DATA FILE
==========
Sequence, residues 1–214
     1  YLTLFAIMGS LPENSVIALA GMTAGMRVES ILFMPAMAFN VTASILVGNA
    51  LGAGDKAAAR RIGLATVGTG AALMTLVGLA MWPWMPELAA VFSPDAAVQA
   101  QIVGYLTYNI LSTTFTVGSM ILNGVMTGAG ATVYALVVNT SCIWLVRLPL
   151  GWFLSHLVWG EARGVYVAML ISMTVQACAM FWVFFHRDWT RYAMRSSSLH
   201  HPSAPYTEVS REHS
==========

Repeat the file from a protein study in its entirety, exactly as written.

Sequence, residues 1–214
     1  YLTLFAIMGS LPENSVIALA GMTAGMRVES ILFMPAMAFN VTASILVGNA
    51  LGAGDKAAAR RIGLATVGTG AALMTLVGLA MWPWMPELAA VFSPDAAVQA
   101  QIVGYLTYNI LSTTFTVGSM ILNGVMTGAG ATVYALVVNT SCIWLVRLPL
   151  GWFLSHLVWG EARGVYVAML ISMTVQACAM FWVFFHRDWT RYAMRSSSLH
   201  HPSAPYTEVS REHS